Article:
AMD falls back into the red

As expected, AMD plunged back into the red in the final quarter of 2004 despite a rise of 29 per cent in processor sales. The company reported a net loss of $30 million compared with a profit of $43.2 million for same quarter in 2003.

The company’s share price has dropped by a quarter when it issued a profit warning last week.

The losses stemmed mostly from the Spansion Flash memory business, which the company runs as a joint venture with Fujitsu. Flash memory chips are used widely in consumer mobile devices such as phones and MP3 players. There was also a hefty debt repayment and conversion charge of $49 million.

The memory business sales fell to $504 million from $566 million with the losses rising to $39 million from $3 million. Things are not set to look any better as the market is still suffering a glut of products. The first quarter of any year tends to be quiet.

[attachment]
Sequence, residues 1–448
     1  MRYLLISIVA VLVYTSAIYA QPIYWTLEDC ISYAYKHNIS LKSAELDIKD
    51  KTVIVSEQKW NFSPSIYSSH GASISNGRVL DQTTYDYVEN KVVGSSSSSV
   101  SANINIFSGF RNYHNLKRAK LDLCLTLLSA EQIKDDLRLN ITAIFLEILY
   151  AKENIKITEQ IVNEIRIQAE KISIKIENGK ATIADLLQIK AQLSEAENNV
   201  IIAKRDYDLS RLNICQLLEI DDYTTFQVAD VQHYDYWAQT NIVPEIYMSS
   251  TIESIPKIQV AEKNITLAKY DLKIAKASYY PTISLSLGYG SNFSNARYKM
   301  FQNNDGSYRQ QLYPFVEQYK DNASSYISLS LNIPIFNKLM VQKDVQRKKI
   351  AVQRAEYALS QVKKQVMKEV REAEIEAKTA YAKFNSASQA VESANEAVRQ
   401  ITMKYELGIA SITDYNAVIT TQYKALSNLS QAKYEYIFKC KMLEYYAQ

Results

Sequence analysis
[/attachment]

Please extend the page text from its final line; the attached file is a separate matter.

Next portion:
The losses and the uphill struggle that AMD faces against the likes of Samsung, which now holds about half the world’s memory business, increased speculation that AMD might sell off its memory business. Certainly, AMD has promised to look at slashing costs in the group if things don’t improve

On a brighter note, the processor business continued to surge ahead. The Computation Processor Group (CPG) rose nine per cent over the year. Sales at $730 million were up 26 percent over the fourth quarter of 2003 and increased by nine percent from $673 million in the third quarter of 2004. CPG generated operating income of $89 million in the fourth quarter, the same as Q3. AMD’s 64 bit range continued to shine and now account for over 50 per cent of the groups sales.

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